LIBERIA: Take A Look Outside - Kapingbdi
Liberia's only funk-rock band dazzle on this album which remained hidden away for decades
During the course of Danny and I searching for a studio album from each country, Liberia began to achieve a reputation between the two of us for being something of a maverick, for being musically unusual. Granted, we’re no experts, and we’re skewed by our small sample sizes, but several of the albums we found from the West African state were unusual or musically challenging to say the least, with the wonderfully wacky stylings of outsider artist Congress-woman Malinda Jackson Parker and the hard-hitting, potently lyrical yet musically harsh rap of Italian-Liberian musician Karima 2G coming to define, for us at least, the music of a nation that seemed to be dancing to the beat of its own rhythm. While most of Liberia’s neighbours appeared to similar (yet distinct) musical traditions, a lot of the music we found from Liberia was vastly different. Liberia of course has a unique history that separates it from its neighbours, with its roots lying in white Americans encouraging freed black people to settle in Africa instead of staying in America, and despite opposition from abolitionist movements, many did go to settle in what became known as Liberia. This Americo-Liberian tradition is firmly seen in Jackson Parker’s work. Her music is broadly Western in its sound, and she speaks with a particular type of American accent associated with Liberia. Karima 2G performs rap music which is popular with the younger generation across the globe, and her lyrics speak powerfully about the experience of being a black woman in Italy. It is with Kapingbdi where we are able to hear a bit of the traditional music of the country, artfully combined with elements of rock, jazz, and funk.
“Take a Look Outside is a phenomenal exercise in musical creativity that manages to bridge the gap between American funk and rock music with modern African styles like afrobeat, as well as the traditional beginnings of all of those genres, whose roots lie in Africa.”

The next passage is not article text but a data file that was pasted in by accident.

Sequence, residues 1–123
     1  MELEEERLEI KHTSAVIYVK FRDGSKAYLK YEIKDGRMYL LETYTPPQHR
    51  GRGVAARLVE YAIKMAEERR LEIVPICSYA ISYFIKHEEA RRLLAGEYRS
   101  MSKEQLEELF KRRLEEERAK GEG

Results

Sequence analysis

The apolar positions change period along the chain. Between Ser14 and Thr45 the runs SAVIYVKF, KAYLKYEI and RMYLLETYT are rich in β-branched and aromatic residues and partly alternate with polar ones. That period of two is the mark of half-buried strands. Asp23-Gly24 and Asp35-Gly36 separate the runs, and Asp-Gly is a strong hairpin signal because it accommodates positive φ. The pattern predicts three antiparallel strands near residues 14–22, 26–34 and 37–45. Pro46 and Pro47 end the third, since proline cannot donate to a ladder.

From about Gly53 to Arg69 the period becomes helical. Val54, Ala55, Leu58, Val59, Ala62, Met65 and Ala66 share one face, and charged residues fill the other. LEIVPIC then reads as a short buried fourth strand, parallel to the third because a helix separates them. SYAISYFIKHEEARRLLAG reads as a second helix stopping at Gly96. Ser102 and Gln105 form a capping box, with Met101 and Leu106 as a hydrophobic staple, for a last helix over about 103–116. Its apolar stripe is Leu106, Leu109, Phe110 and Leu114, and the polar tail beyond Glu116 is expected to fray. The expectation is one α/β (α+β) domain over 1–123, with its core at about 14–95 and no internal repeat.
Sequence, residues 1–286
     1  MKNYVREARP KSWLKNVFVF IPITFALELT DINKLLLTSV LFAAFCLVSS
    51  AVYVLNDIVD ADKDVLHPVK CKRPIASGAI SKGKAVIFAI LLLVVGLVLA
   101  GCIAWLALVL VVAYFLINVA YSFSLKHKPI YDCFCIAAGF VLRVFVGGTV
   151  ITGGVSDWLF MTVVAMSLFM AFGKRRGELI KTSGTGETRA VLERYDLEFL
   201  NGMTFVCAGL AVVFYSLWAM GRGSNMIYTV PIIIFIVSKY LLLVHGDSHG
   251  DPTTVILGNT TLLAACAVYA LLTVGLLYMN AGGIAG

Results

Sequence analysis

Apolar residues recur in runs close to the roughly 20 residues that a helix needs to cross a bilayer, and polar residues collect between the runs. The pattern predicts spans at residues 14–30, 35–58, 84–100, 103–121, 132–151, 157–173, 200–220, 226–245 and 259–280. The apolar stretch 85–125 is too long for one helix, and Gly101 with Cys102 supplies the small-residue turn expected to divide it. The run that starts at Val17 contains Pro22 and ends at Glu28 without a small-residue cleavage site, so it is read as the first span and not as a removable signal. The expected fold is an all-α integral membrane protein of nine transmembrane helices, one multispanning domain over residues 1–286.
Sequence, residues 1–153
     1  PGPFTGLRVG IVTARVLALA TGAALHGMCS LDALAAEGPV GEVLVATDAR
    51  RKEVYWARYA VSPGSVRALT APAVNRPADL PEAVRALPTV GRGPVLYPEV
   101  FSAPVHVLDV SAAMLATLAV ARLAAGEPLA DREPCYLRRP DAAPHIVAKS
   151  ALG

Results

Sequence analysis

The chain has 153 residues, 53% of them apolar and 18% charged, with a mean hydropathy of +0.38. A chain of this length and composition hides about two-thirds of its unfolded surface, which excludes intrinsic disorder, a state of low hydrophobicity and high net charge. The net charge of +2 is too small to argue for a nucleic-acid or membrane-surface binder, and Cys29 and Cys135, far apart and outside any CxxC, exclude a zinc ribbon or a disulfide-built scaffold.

However, the story does not begin in Liberia. The name ‘Kapingbdi’ means ‘born in the night’, and it comes from the language spoken by the Mende people, most of whom live in the world’s roundest nation Sierra Leone, where bandleader Kojo Samuels was born. He received the nickname from his Latin teacher, whom he would often meet to debate and study after school when the sun had gone down. Then, in his teens, the family moved to Liberia, where he studied music. After years of travelling across the USA and Germany he formed Kapingbdi, where they released three albums of Afro-funk rock for the independent label Trikont. The eagle-eyed among you will have noticed that ‘the lost album’ is one of the phrases on the album art, and that is because Take a Look Outside was never released until recently. Recorded in Detroit, the band had a four-week break before the resumption of the tour. Samuels returned to Liberia, while his band members stayed in the USA. He returned to find his band had disbanded – four had acquired green cards and wished to reside in the United States, and one had been detained on drugs charges (there is a happy ending here, he did apparently pop up nine years later as an employee of a chicken wing kiosk). Bereft, he took the tapes of the album and locked them away in a vault in Germany, and it remained hidden away until a German record label named Sonorama that specialises in this kind of musical archaeology, found the master tapes and Samuels himself (still living and performing with his band in Liberia) and released the album in full in 2019, with Samuels assisting with the production and restoration of the record.